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June 12, 2020 1:43 PM | Ryan Ewing

As a substitute for in-person programming, we’re offering a series of posts on starting a vegetable garden. This science-based information comes from the Seed to Supper program, developed by the Oregon Food Bank.

Along Oregon's North Coast, kale and leeks grow well and can be planted in late summer and early fall for winter harvest or in early spring. Both tolerate the cold well. These vegetables can be planted from seed or as transplants. A member of the brassica (cabbage) family, kale makes a good companion planting for celery, beets, chard, and the allium (onion) family, including leeks. In addition to kale, leeks make good companions for carrots, lettuce, and beets.

"Suitable companions provide benefits such as nitrogen fixation, production of invigorating exudates, repelling or trapping of insect and other pests, and weed suppression, among other benefits," says Leonard Githinji, Ph.D., Assistant Professor and Extension Specialist, Sustainable and Urban Agriculture, Virginia State University.

Leeks are relatively short. They have a 4" x 4" footprint and can handle some shade. For tender white stems, mound soil around the base when the plants are thick as pencils. Plan on harvesting leeks from August through November, or within 120 days of planting. Harvest when leeks are one to two inches wide. Loosen soil with a garden tool, then gently wiggle the leek loose.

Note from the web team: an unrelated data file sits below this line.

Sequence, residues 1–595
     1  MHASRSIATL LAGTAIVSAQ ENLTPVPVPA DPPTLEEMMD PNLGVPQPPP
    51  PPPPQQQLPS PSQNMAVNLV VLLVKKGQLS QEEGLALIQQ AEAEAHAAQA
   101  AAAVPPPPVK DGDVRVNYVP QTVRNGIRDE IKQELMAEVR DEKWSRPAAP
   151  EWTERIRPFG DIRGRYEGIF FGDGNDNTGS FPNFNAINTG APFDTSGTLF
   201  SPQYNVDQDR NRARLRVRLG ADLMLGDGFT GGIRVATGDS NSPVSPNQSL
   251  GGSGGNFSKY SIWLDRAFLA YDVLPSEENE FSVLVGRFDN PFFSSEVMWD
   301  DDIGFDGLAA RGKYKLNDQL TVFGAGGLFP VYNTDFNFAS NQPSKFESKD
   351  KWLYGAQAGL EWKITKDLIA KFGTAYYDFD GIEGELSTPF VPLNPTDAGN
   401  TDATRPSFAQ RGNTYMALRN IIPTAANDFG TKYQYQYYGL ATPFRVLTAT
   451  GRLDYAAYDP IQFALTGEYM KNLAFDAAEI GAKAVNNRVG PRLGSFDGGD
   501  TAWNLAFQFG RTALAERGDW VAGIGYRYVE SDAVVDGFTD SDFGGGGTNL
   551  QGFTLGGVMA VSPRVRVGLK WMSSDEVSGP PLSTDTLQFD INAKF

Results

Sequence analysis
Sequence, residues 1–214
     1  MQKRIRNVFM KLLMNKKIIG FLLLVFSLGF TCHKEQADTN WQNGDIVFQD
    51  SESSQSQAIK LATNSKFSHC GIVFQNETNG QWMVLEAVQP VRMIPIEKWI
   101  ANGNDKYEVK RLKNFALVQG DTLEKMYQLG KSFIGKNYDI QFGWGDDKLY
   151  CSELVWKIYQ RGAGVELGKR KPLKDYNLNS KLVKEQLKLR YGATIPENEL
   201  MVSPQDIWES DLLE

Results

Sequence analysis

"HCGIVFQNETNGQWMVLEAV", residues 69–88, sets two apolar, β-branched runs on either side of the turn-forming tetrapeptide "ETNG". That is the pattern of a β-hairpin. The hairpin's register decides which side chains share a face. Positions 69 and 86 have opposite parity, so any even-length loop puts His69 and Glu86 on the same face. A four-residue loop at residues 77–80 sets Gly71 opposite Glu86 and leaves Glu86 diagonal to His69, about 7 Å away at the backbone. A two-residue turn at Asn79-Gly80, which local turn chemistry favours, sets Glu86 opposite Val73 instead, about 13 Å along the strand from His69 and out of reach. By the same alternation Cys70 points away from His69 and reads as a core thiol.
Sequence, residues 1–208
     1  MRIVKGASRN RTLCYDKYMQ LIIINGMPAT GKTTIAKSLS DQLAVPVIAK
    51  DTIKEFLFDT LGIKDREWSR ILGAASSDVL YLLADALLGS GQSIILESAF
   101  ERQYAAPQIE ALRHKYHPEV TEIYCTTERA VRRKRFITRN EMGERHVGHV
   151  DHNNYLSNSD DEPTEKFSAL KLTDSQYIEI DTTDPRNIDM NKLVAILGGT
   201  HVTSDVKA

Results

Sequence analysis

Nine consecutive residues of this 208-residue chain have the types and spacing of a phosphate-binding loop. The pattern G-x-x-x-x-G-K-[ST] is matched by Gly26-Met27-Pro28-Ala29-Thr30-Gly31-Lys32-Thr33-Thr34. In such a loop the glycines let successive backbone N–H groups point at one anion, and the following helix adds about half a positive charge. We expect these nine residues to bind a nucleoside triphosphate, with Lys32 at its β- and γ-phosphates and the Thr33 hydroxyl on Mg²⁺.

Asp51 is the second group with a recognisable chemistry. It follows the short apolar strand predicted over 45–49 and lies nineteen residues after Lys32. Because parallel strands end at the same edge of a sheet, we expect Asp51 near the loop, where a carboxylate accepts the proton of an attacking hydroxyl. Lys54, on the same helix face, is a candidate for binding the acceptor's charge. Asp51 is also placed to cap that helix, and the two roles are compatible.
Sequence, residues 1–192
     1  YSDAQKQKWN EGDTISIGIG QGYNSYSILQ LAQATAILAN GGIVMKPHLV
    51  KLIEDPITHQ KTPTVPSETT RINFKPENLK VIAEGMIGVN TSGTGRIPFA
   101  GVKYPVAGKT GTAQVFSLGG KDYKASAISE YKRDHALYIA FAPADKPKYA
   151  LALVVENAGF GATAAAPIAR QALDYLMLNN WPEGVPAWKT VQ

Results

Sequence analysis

To store leeks, wipe off soil, then trim roots and all but 1”-2” of green leaves. Store for one to three months in a bag in the fridge.

Kale is a medium-high plant that comes in many varieties; leaves can be smooth, bumpy, lacey, green, purple, or silvery. Mature plants need a 12" x 12" footprint. Some shade is okay. Kale can be planted through July; it matures within 60- 70 days of planting.

A cut-and-come-again plant, kale can be harvested year-round. Cut or twist leaves off the outer stems close to the stalk. Kale stores 10-14 days in a bag in the fridge. Strip out tough stem before using. If you're concerned that kale will taste bitter, massage the leaves by scrunching them in your hands for a minute or two, then rinse in running water.

Kale chips make a delicious, nutritious snack. To add variety to this Food Hero recipe, consider adding nutritional yeast, chili powder, garlic powder, onion powder, and a pinch of cayenne to taste.

With the vision of enhancing our environment for generations, CCMGA endeavors to be the best source for quality gardening knowledge on the north coast.


OSU Extension Office

2001 Marine Drive, #210

Astoria, OR 97103

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